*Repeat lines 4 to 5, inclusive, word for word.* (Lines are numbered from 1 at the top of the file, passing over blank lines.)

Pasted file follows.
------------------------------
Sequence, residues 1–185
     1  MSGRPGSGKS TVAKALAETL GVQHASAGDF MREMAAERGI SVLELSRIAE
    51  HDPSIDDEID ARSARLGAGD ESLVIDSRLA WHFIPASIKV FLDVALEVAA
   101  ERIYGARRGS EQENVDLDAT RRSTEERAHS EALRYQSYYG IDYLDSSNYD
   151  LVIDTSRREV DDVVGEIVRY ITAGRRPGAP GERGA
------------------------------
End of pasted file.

   101  ERIYGARRGS EQENVDLDAT RRSTEERAHS EALRYQSYYG IDYLDSSNYD
   151  LVIDTSRREV DDVVGEIVRY ITAGRRPGAP GERGA